At a minimum, students who return to Columbia Public Schools classrooms this fall should be strongly encouraged to wear face masks, according to parents who participated in a Zoom webinar Saturday.

The majority who spoke or posted in the webinar’s chatroom seemed to favor a mask requirement but could accept exceptions for some students.

Under the district’s reopening plan released Monday, students are encouraged but not required to wear masks if they opt to return to the classroom in August.

Families have until Tuesday to decide whether students will take in-person classes or continue learning remotely. On Friday, Superintendent Peter Stiepleman put the word out about the webinar, so parents could talk about their safety concerns in advance of the deadline. When the 2½-hour meeting began, there were about 460 attendees, he said.

A fair amount of discussion was dedicated to possible exemptions to a mask mandate.

“You have to think of everybody,” said Tricia Carr, who also said she supports the district encouraging masks. “You are required by federal law to not discriminate on disability, and you have to be aware of that.”

Participants said those who might need an exemption include students with special needs, anxiety, trauma or ADHD.

Stiepleman said that in addition to hearing-impaired students needing to read lips, it’s important for young students to see a teacher’s face when learning how to read. He said the district has purchased see-through masks for those reasons and is considering transparent face shields as well.

Almost all people in favor of requiring masks acknowledged the need for exceptions.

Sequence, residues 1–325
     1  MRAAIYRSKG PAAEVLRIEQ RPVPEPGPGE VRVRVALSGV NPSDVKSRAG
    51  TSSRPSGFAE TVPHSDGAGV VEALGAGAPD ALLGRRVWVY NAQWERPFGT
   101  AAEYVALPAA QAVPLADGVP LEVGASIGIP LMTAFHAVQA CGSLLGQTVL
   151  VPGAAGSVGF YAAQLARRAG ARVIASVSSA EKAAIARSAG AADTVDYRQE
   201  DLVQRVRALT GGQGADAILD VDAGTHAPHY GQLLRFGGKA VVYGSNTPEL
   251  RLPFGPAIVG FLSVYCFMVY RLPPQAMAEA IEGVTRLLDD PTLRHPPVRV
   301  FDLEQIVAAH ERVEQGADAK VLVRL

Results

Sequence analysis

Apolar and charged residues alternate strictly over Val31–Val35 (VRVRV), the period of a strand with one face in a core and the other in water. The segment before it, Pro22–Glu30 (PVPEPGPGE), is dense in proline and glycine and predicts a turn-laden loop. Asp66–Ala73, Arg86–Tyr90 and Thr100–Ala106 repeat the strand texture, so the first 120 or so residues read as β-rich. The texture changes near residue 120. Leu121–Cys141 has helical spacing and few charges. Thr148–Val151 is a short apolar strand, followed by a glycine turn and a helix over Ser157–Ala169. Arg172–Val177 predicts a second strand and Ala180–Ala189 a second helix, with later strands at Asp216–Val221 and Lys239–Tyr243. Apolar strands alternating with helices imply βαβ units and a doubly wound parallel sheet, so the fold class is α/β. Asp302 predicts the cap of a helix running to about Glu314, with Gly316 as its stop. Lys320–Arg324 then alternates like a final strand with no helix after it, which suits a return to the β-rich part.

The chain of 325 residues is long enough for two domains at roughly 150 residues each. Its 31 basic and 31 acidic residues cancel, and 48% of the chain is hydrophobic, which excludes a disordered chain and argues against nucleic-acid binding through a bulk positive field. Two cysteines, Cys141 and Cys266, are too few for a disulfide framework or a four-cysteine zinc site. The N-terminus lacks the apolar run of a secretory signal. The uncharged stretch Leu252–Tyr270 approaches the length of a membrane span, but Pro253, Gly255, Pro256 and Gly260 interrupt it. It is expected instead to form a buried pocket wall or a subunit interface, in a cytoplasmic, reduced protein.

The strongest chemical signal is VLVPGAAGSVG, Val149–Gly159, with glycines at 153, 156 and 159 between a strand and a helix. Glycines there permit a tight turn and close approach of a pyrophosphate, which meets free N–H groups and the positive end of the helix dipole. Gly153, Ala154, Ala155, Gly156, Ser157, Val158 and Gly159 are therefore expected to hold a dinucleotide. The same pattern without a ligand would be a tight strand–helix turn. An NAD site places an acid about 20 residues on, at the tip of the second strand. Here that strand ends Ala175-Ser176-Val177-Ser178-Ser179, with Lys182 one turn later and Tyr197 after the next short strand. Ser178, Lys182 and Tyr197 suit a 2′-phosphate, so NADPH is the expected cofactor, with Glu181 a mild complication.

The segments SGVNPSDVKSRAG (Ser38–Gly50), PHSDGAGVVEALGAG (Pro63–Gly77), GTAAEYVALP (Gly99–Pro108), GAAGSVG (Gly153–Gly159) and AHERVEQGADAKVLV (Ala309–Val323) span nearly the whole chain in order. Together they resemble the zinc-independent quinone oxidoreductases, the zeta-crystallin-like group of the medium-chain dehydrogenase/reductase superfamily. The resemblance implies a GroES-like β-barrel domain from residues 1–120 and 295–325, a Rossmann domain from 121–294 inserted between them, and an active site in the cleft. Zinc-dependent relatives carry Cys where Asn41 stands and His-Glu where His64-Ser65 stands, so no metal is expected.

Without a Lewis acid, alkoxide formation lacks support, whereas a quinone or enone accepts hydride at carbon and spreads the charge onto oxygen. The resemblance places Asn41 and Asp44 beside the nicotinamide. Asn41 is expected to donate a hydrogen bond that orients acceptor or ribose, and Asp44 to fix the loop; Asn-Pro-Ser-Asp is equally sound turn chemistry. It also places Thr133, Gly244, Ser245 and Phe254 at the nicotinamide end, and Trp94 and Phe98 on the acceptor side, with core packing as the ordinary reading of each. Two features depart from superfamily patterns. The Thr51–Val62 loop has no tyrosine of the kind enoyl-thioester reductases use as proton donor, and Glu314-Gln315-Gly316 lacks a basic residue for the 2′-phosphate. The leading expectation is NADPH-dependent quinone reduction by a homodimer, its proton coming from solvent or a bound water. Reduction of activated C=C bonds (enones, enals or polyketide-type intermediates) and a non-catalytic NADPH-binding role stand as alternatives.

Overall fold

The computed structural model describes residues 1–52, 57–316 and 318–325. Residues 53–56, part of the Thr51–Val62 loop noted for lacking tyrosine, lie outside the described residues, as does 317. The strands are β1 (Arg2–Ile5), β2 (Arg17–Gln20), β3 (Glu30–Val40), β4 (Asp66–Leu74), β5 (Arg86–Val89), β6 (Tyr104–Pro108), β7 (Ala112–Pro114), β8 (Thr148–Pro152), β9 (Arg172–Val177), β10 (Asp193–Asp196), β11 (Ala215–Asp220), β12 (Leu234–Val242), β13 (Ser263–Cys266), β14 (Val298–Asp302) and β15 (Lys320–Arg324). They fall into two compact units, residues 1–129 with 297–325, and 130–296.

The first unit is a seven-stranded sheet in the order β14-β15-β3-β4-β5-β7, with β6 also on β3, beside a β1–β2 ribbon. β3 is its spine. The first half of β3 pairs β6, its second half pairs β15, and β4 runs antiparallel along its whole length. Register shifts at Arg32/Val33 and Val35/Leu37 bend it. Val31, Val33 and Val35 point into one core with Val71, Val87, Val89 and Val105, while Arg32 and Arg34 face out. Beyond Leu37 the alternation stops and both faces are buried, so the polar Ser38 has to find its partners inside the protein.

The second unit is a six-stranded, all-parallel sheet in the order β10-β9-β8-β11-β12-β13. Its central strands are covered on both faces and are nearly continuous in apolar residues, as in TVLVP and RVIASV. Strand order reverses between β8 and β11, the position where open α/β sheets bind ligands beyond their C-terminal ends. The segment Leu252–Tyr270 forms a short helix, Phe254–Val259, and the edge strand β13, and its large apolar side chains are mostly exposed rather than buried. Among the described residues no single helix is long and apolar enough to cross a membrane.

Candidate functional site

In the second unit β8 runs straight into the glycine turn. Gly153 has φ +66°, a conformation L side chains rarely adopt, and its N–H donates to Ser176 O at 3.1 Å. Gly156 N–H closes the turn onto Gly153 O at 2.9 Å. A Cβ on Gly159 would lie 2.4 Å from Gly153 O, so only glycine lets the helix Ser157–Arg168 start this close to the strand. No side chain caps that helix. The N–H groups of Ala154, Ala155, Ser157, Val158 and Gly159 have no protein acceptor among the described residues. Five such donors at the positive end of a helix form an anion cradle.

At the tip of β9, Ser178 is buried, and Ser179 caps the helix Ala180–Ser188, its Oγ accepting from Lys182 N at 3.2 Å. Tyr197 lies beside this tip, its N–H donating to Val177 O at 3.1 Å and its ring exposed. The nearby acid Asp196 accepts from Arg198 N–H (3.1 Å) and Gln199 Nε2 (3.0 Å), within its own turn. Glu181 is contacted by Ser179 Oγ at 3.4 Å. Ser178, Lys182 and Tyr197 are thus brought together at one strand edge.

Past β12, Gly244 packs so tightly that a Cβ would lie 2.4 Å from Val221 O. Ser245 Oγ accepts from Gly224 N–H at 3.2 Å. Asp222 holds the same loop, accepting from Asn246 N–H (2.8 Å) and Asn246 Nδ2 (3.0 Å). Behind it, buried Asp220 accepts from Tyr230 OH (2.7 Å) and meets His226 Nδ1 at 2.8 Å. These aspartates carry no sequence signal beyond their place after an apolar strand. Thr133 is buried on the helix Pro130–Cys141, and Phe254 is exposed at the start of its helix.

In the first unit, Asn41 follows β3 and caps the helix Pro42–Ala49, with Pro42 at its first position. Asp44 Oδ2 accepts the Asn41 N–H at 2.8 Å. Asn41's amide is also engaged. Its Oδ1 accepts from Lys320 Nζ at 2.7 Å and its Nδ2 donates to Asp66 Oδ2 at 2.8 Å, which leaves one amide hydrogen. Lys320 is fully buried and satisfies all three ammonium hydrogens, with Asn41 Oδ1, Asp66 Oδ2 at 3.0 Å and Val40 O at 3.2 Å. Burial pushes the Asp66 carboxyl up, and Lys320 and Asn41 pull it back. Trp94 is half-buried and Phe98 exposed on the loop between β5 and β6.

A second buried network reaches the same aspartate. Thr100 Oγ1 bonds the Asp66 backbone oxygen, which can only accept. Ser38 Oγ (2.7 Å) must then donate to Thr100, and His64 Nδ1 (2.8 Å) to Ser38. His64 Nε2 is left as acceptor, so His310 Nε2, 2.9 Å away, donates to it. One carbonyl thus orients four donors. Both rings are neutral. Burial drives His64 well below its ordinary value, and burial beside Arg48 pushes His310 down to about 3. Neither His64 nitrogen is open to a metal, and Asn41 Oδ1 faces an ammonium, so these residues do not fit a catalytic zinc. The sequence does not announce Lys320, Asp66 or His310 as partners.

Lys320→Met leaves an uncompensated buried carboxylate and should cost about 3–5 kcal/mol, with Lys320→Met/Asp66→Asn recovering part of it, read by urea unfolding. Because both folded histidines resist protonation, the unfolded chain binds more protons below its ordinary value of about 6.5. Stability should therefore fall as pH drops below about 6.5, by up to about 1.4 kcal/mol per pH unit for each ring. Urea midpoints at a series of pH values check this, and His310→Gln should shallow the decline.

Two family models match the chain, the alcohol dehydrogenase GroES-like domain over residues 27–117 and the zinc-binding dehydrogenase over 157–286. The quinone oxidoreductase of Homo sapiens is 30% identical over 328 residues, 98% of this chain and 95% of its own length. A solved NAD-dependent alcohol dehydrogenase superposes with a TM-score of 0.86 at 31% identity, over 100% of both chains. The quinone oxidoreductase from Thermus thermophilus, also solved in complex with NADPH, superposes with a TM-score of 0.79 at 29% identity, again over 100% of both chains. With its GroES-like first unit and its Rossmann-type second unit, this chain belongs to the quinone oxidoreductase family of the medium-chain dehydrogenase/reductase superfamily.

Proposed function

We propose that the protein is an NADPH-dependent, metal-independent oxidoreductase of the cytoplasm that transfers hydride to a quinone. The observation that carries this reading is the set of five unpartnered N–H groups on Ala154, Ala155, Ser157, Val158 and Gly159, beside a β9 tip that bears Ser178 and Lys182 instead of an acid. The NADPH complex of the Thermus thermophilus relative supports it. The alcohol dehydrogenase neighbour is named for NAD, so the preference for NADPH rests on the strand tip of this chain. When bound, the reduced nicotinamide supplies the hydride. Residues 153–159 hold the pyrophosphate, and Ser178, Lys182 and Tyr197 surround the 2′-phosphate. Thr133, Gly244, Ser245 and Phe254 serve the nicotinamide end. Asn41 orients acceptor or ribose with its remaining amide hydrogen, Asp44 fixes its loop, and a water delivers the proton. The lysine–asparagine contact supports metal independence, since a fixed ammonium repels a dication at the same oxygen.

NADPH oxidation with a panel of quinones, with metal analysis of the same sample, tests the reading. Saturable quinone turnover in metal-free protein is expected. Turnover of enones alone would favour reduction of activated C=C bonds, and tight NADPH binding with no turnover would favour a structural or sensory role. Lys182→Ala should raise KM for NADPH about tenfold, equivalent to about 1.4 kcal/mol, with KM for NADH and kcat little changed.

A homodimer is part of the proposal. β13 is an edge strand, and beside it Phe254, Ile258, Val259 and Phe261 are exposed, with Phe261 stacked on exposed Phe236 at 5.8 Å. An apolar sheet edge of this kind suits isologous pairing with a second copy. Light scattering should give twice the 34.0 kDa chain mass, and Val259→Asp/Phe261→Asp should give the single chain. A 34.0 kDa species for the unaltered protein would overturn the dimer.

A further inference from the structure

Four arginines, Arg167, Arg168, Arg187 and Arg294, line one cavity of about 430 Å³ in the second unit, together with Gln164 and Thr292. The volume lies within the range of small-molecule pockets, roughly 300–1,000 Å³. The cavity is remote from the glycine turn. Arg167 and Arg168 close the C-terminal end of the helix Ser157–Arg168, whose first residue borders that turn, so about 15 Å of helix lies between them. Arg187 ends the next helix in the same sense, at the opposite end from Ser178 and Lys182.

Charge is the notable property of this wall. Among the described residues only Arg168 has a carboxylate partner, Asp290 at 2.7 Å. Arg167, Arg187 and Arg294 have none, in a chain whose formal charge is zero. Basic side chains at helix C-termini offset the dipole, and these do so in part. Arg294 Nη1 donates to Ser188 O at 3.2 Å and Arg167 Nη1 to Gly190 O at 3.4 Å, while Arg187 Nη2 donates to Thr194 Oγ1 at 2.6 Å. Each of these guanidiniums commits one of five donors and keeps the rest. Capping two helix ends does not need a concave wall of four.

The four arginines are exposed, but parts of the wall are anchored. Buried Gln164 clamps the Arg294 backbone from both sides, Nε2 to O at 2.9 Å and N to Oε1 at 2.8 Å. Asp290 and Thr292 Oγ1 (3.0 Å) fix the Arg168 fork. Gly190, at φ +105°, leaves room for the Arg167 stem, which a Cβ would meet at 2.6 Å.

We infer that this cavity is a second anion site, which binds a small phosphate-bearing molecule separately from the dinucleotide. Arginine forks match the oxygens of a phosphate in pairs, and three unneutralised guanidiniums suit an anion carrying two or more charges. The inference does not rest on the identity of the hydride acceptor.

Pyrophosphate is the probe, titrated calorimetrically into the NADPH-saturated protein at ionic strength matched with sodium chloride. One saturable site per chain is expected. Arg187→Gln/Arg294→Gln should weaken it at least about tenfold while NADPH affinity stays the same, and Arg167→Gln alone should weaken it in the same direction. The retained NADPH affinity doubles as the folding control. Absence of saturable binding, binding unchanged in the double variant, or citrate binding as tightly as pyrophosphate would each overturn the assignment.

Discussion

“I am in support of mandating masks,” Nicole Eckerson said. “I think we do have a lot of exceptions to think about, and of course, I want to be cognizant of those with special needs or other requirements.”

Eckerson said that, as a parent, having a mask requirement would make her feel safer about sending her child back to in-person classes.

Other parents in favor of requiring masks made the point that masks help keep the whole school community safe from COVID-19 and would prevent disrupting in-person classes if one student tests positive for it.

“I think we need to keep in mind that the requirement to use masks saves actual lives, that the lower the number of cases you have, the fewer people are going to die,” said Kevin Carnahan, who also wrote a guest commentary published Thursday in the Missourian that said the district’s plan didn’t go far enough in addressing mask usage.

Stiepleman said he doesn’t want to enact disciplinary actions to enforce a mask requirement. Parents suggested the district try to positively reinforce mask usage.

Stiepleman also said he personally supports students wearing masks.

Parents also raised concerns about the Tuesday deadline. Stiepleman said those who don’t make a decision by then will be contacted by the district soon afterward. He appeared to be open to moving the deadline.

On Friday evening, Mayor Brian Treece tweeted that he asked the city manager to draft an ordinance for a citywide mask requirement.

Boone County’s positivity rate for COVID-19 tests surged to 8.2% in the last week, up from 3.2% the previous week. Columbia/Boone County Public Health and Human Services has urged residents to practice social distancing and wear masks when in public.

For more COVID-19 related news, see our section dedicated to COVID-19 updates.
  • Graphics desk TA. Reporter for summer 2020. Studying data journalism. Reach me at, or in the newsroom at 882-5700.

  • Elizabeth Brixey is the Columbia Missourian's education editor and an associate professor in the Missouri School of Journalism. She can be reached at (573) 882-2632 and

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